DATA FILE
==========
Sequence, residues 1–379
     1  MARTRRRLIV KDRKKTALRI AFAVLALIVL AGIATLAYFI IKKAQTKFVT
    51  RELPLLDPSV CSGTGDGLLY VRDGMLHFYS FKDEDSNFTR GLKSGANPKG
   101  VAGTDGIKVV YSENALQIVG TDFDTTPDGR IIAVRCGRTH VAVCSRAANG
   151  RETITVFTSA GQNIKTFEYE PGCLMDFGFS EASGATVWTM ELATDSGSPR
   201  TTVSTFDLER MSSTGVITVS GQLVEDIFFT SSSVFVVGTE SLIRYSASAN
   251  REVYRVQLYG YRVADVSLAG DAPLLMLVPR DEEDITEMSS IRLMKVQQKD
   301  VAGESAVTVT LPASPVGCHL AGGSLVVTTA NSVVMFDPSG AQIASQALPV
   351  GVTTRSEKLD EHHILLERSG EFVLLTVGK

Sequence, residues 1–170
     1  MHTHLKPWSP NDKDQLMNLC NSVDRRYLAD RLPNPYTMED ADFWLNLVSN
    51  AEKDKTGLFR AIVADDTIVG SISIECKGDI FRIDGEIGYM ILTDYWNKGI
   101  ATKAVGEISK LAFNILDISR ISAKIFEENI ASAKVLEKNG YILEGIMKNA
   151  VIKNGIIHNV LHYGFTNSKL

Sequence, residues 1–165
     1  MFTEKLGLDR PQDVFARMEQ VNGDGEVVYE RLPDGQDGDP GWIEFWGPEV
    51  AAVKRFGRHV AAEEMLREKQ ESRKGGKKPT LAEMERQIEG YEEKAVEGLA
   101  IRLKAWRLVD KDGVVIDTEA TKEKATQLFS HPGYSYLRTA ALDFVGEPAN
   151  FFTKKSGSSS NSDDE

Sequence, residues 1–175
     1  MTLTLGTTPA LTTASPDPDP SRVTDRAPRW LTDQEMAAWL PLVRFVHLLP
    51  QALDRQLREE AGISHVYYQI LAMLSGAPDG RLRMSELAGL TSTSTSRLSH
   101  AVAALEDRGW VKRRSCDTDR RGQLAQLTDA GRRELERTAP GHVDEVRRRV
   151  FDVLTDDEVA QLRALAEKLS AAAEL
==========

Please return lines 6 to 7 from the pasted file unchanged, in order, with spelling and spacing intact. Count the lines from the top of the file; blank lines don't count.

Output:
   201  TTVSTFDLER MSSTGVITVS GQLVEDIFFT SSSVFVVGTE SLIRYSASAN
   251  REVYRVQLYG YRVADVSLAG DAPLLMLVPR DEEDITEMSS IRLMKVQQKD